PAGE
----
Parents’ knowledge and use of nutrition labelling are still at a lower level, and some information included in the nutrition labels is not understood by parents. The forms of the existing nutrition labelling need to be continuously improved to facilitate their understanding and usefulness. It is necessary to establish nutrition projects focusing on education and use of nutrition labels which help parents and their children make the right choices in selecting foods.
To examine the acceptability and feasibility of using smartphone technology to assess beverage intake and evaluate whether the feasibility of smartphone use is greater among key sub-populations.
An acceptability and feasibility study of recording the video dietary record, the acceptability of the ecological momentary assessment (EMA), wearing smartphones and whether the videos helped participants recall intake after a cross-over validation study.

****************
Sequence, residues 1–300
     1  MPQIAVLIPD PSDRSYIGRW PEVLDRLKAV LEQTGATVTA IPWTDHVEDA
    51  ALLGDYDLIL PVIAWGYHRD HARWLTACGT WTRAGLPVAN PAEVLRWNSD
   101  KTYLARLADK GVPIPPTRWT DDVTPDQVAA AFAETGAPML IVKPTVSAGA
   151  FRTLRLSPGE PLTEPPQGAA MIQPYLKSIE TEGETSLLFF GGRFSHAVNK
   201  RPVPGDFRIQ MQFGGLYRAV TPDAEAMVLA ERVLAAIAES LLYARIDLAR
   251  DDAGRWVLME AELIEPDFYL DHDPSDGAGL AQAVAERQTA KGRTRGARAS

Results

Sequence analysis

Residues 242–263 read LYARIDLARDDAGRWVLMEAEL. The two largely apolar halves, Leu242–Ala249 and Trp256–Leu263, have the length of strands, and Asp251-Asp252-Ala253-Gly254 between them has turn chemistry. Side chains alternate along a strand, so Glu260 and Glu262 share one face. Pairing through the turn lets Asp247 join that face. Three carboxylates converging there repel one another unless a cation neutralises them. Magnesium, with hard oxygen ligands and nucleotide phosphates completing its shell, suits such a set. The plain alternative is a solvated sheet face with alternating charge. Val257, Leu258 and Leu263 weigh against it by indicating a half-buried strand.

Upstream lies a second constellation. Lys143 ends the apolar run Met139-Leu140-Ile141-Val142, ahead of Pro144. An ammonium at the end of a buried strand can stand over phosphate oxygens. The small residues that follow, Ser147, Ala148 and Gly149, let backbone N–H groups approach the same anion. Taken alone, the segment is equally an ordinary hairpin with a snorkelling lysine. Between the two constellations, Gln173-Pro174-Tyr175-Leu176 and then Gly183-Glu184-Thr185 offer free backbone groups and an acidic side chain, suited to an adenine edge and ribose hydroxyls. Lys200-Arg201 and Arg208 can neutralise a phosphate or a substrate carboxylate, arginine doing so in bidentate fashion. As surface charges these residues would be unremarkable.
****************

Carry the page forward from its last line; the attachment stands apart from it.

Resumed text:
Rural and urban area in Shanghai, China.
Healthy adults (n 110) aged 20–40 years old.
Most participants reported that the phone was acceptable in most aspects, including that videos were easy to use (70 %), helped with recalls (77 %), EMA reminders helped them record intake (75 %) and apps were easy to understand (85 %). However, 49 % of the participants reported that they had trouble remembering to take videos of the beverages before consumption or 46 % felt embarrassed taking videos in front of others. Moreover, 72 % reported that the EMA reminders affected their consumption. When assessing overall acceptability of using smartphones, 72 % of the participants were favourable responders. There were no statistically significant differences in overall acceptability for overweight v. normal-weight participants or for rural v. urban residents. However, we did find that the overall acceptability was higher for males (81 %) than females (61 %, P=0·017).
Our study did not find smartphone technology helped with dietary assessments in a Chinese population. However, simpler approaches, such as using photographs instead of videos, may be more feasible for enhancing 24 h dietary recalls.
Email your librarian or administrator to recommend adding this to your organisation's collection.